The thing about power is it's “use it or lose it”. So the wind is blowing, you've got all this power being generated by your wind farm: what do you with do it? Under the McPhy solution, you store it as hydrogen.
The McPhy hydrogen storage system is 90 % efficient, and provides a much higher volume density than compressed or liquid gas (explained here).
So the wind's gusting, and through electrolysis you're converting your wind farm's excess energy into hydrogen (you use a bit of the electricity you're producing to drive the electrolysis itself). You store the hydrogen as a safe solid that you can later extract and convert into electricity via the turbine or fuel cell of your choice (fuel cell conversion efficiency is currently about 50 %) and feed it into the grid when they need it. So really, this is as green as it gets! (There's a good diagram here.)
Or, there's another solution to what to do with the stored hydrogen that's getting some traction: power-to-gas. Natural gas is mostly made of methane – aka CH4. It turns out that you can goose your natural gas supply by injecting hydrogen into it – up to 20 % (or you can convert your hydrogen to synthentic methane). In fact, there's currently a GDF/Suez project in the French town of Dunkerque (yes, the famous one up on the English channel), where a section of the town is going to have its natural gas lines boosted with hydrogen produced by water electrolysis systems at nearby wind farms. McPhy's providing the intermediate hydrogen storage.
It turns out that power-to-gas is an important solution for places like Germany, where they've suddenly got more windpower than they can handle. In fact – and this was one of the announcements McPhy also made during their inauguration festivities – the company is taking over the electrolysis work of a major German windfarm player called Enertrag.
Enertrag, which has built over 520 windfarms in Europe, has developed some whoppingly big hydrogen generators (based again on electrolysis of water) that can handle up to several megawatts. These are specifically designed to meet the needs of big renewable energy farms. But the company doesn't want to be in the generator-manufacturing business, so they're handing that business (which had been called HyTec) off to McPhy (here's the press release announcing it) – and will keep working with McPhy on projects, they said.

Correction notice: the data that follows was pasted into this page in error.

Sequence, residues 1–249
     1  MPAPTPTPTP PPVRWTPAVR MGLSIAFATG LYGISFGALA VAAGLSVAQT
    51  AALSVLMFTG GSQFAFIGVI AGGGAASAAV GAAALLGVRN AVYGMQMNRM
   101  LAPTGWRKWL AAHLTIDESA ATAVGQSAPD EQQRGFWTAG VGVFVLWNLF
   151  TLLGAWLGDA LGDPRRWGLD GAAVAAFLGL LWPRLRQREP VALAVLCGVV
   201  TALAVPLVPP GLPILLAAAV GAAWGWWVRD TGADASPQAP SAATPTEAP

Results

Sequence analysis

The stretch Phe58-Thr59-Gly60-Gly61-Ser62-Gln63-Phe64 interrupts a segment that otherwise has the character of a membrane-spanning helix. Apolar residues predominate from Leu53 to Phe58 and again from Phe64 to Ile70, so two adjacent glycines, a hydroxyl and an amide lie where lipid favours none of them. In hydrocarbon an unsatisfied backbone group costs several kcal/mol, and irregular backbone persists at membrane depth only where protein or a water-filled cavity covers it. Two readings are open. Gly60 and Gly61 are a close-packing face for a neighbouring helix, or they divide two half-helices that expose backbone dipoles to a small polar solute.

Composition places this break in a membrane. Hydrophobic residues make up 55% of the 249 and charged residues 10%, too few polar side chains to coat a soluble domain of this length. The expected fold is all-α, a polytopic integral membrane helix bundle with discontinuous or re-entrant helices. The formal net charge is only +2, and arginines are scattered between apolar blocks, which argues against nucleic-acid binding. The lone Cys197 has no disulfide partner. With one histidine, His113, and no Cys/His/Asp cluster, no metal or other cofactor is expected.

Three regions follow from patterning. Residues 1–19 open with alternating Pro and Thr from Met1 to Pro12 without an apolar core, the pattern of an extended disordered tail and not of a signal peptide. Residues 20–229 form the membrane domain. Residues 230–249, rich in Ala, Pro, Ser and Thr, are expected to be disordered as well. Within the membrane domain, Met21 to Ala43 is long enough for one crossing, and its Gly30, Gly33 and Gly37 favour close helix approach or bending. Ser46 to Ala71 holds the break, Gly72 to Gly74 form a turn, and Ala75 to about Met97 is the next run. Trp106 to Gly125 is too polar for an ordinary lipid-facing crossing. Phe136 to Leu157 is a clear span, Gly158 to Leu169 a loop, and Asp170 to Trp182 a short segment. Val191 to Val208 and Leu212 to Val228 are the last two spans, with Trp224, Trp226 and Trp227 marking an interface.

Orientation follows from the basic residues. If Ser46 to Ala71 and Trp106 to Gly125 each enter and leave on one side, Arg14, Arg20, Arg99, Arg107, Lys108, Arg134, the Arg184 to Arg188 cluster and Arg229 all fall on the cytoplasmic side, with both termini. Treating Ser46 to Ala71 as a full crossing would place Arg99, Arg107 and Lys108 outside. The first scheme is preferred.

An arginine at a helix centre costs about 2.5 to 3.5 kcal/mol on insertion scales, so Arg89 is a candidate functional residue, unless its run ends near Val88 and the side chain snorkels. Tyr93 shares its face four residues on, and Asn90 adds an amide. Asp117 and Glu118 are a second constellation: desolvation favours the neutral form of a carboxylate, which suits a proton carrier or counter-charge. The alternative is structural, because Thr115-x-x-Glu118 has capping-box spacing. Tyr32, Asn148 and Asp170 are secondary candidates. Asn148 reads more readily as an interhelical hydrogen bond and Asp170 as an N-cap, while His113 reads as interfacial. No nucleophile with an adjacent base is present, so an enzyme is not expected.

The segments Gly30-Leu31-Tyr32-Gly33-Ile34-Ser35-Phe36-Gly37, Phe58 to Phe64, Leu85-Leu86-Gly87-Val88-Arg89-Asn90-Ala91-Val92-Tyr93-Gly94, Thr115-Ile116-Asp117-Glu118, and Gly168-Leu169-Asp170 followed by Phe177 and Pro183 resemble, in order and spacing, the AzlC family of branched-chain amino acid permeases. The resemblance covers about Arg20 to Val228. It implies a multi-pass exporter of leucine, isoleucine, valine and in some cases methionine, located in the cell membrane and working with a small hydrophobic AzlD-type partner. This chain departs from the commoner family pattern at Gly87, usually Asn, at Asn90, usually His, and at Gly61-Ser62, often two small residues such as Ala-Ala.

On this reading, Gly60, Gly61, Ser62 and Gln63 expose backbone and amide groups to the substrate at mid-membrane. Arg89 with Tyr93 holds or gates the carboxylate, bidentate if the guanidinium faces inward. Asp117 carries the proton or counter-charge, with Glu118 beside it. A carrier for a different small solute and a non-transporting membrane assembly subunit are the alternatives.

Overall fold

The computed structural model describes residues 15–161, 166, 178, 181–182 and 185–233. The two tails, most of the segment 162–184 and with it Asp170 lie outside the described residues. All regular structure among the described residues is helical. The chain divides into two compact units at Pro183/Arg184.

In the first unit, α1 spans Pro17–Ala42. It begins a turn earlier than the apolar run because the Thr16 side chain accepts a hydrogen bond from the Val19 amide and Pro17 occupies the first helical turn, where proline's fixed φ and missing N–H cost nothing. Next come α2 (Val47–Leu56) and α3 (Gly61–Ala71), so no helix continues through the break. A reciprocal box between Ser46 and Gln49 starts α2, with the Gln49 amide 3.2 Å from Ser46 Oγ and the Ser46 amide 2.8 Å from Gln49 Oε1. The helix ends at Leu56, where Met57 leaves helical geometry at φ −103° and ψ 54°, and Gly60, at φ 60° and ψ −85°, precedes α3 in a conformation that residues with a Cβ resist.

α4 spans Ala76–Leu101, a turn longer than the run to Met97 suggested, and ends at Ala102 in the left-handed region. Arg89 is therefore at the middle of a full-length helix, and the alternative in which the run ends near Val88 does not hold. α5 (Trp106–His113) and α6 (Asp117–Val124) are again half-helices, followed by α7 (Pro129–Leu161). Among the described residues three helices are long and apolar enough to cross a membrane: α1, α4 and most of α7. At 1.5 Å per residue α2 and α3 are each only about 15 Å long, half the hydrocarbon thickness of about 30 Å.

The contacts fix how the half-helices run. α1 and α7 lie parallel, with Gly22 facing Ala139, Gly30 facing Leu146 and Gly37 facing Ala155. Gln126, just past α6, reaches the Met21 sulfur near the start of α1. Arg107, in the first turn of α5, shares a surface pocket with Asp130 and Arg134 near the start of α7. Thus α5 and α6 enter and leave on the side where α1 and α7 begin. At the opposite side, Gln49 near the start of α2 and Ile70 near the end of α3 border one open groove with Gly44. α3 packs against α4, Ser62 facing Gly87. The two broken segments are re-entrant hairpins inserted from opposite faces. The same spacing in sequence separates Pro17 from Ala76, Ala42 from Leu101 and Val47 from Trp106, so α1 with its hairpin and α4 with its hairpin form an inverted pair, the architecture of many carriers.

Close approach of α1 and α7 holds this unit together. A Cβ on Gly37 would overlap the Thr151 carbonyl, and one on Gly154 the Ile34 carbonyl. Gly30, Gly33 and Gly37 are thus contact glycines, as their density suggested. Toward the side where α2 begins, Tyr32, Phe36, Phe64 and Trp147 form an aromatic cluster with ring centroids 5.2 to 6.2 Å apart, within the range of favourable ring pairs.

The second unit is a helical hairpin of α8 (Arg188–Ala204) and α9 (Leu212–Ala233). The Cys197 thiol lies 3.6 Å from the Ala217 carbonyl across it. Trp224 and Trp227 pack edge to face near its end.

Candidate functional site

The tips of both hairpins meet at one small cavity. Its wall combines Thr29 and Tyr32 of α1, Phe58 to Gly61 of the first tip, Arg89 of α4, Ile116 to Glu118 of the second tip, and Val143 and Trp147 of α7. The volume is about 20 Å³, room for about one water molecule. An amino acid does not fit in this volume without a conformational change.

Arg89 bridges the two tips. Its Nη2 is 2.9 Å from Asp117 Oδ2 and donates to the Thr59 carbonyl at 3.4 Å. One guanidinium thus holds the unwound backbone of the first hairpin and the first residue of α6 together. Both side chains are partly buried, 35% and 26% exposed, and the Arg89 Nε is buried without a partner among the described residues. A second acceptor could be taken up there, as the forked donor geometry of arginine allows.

A hydrogen-driven Renault on display at the McPhy inauguration. Such vehicles have a range around 600 km.
Another place solid hydrogen storage is headed is mobility. This is starting in Berlin, said Mauberger: hydrogen will be produced and stored by wind farms then distributed at “hydromobility service stations”. He said you can recharge the fuel cell on a hydrogen vehicle in 3 or 4 minutes. If that hydrogen comes from renewable energy sources, it really is a totally green, carbon-free solution. Stations will be rolling out in the 2015-2020 timeframe in Germany, Sweden, Denmark, California, Canada, and eventually France.
So, lots of really exciting prospects here. It looks like once you can cleanly, efficiently and safely generate and store hydrogen, vast new green horizons open.
VIPs at the McPhy Energy event inaugurating the first electrolysis + hydrogen storage system, including: Werner DIWALD (member of the Enertrag AG board); Pascal MAUBERGER (CEO McPhy Energy); Gerd HARMS (Representing the Brandenburg Ministry); Jean-Jack QUEYRANNE (President of the Rhône-Alpes regional counsel and deputy); Hervé MARITON (deputy from the Drôme department); Didier GUILLAUME (Senator, Vice-President of the French Senate and president of the Drome regional council).